“Tech Neck”: The Fix Is in the Foundation

To Your Health
March, 2017 (Vol. 11, Issue 03)

“Tech Neck”: The Fix Is in the Foundation

By Brian Jensen, DC

Freeze. Don’t move a muscle. As you read these words, notice the placement of your head – are you leaning into the page or the screen? What about your shoulders – are you hunched over a magazine or electronic device? Do a quick self-assessment: How does your current posture compare with ideal posture?

If you’re like most people, you tilt your head when you read or use a smartphone or other electronic device, when you’re at your desk at work, and pretty much any time you’re examining something closely. The trouble is, smartphone use has dramatically increased the frequency and duration of this activity, particularly among young people. Some are referring to the resulting poor posture as “text neck,” although I prefer the more comprehensive “tech neck.”

The human head weighs about 10-12 pounds when in a neutral position: balanced between the shoulders, chin level, and eyes gazing forward, shoulders and shoulder blades retracted. In a study, Kenneth K. Hansraj, MD, found that this weight – and the resulting load on the spine – increases dramatically when the head flexes forward: “As the head tilts forward, the forces seen by the neck surge to 27 pounds at 15 degrees, 40 pounds at 30 degrees, 49 pounds at 45 degrees and 60 pounds at 60 degrees.”1

The long-term consequences of a tilted-head posture, according to Dr. Hansraj, are incrementally increased stresses about the cervical spine that could lead to early wear, tear, degeneration and possibly surgery.

tech neck - Copyright – Stock Photo / Register Mark

“People spend an average of two to four hours a day with their heads tilted over, reading and texting on their smartphones and devices,” Dr. Hansraj says. “Cumulatively, this is 700 to 1,400 hours a year of excess stresses seen about the cervical spine. It is possible that a high-school student may spend an extra 5,000 hours in poor posture.”

The obvious answer to what some are calling an “epidemic” of poor posture isn’t very practical – people aren’t going to use their phones less. Strengthening exercises and mindfulness of one’s posture can help alleviate some of the strain, but it’s also important to look down the entire kinetic chain to ensure the neck has a stable foundation to start from.

Work From a Stable Foundation

The feet are the foundation of the body. While 99 percent of all feet are normal at birth, 8 percent develop troubles by age 1, 41 percent at age 5, and 80 percent by age 20. By age 40, nearly everyone has a foot condition of some sort.

The feet are literally inseparable from the neck – they’re connected through what’s known as the kinetic chain. Over the long term, the repetitive stresses of daily life lengthen the connective tissues in the feet, causing a slow breakdown of the normal support for the bones and joints and a decrease in elasticity, eventually leading to a sagging of the foot’s arch. When this happens, those stresses move into the legs, the pelvis and ultimately, the spine.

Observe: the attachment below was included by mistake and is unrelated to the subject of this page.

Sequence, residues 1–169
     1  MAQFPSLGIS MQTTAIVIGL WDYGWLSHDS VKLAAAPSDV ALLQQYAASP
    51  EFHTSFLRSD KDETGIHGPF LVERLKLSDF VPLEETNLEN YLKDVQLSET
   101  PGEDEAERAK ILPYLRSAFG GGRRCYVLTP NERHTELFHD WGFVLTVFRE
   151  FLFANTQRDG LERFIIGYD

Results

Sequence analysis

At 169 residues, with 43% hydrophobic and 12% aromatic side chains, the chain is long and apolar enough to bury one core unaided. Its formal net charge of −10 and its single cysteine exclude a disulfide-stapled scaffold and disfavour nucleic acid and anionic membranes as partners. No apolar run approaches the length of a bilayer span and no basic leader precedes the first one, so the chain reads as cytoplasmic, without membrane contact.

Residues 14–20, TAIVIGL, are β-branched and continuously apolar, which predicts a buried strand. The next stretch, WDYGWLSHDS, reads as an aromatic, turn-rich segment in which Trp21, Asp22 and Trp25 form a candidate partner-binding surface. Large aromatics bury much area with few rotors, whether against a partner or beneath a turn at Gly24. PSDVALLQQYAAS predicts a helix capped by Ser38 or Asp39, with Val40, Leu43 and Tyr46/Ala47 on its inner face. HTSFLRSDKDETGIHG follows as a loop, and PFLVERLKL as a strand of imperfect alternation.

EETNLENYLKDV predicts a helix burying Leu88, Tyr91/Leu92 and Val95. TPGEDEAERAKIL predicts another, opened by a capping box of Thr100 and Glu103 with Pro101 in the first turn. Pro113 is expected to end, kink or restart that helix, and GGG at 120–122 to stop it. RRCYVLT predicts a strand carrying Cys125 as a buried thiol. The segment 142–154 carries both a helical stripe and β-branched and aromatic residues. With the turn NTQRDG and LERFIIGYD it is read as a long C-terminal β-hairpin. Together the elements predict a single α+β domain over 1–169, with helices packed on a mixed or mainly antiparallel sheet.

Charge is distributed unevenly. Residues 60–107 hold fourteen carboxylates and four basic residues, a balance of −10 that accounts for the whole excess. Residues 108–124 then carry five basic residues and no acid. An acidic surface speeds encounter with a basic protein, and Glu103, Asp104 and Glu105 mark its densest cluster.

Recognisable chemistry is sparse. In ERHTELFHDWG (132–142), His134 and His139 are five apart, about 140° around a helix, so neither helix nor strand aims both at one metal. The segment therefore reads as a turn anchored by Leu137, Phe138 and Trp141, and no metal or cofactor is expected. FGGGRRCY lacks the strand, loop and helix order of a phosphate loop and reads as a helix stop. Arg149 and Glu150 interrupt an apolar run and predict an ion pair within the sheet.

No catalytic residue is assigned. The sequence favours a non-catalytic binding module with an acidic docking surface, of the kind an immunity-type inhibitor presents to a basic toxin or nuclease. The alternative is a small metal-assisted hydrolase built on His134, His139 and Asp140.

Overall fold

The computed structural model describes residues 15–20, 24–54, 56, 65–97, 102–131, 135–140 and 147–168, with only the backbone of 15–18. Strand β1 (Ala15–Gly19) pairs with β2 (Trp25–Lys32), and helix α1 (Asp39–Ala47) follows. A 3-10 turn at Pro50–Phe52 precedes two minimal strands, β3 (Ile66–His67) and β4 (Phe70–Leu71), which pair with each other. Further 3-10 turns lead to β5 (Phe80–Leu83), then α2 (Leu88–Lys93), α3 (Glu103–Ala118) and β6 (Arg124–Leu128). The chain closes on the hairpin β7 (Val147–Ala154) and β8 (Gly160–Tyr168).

When posture is already poor, the spine can’t handle stress the way it could if fully supported. The force imposed from the increased weight of the head borne by the spine in a hunched or leaning posture is exacerbated by the stress imposed from below.

To stabilize the kinetic chain, I recommend the use of custom-made functional orthotics. Custom orthotics provide:

  • Static support. During a standing posture, the alignment of the arches in each foot has a significant impact on the position of the legs and pelvis. When the arches are low and/or pronating excessively, the knee will rotate medially. A research study using radiographic measurements found that custom-made, flexible orthotics can significantly improve the alignment of the arches when standing.2
  • Dynamic support. During gait, the foot must permit a smooth transfer of the body’s center of mass over the leg to conserve energy and keep the work expenditure to a minimum.3 This requires an orthotic to be flexible yet supportive, and orthotic designs must consider weight and intensity of forces; proper movement and function of the foot; and support of all three arches to prevent eventual arch collapse.
  • Postural benefits. Improving foot alignment can help maintain knee, hip, pelvis and even spinal postural alignment.4 Preventing hip, knee or spinal joint degeneration requires the additional support and shock absorption provided by orthotics. And a pelvic or spinal tilt or recurrent subluxations will often respond rapidly to orthotic support.5

Ask your chiropractor to evaluate your posture and discuss whether custom-made orthotics could be added to your health and wellness program.


  1. Hansraj KK. Assessment of stresses in the cervical spine caused by posture and position of the head. Surgical Technology International XXV, October 2014:277-279.
  2. Kuhn DR, et al. Radiographic evaluation of weight-bearing orthotics and their effect on flexible pes planus.” J Manipulative and Physiological Therapeutics, 1999;(4):221-226.
  3. Kirby KA. Biomechanics of the normal and abnormal foot. J American Podiatric Medical Association, 2000;90(1):30-34.
  4. Baylis WJ, Rzonca EC. “Functional and structural limb length discrepancies: evaluation and treatment.” Clinics in Podiatric Medicine and Surgery, 1988;5(3):509-520.
  5. Rothbart BA, Estabrook L. Excessive pronation: a major biomechanical determinant in the development of chondromalacia and pelvic lists. J Manipulative and Physiological Therapeutics, 1988;11(5):373-379.

Brian Jensen, DC, is a graduate of the University of Nebraska and Palmer College of Chiropractic. He specializes in structural biomechanics and has been in practice for 17 years.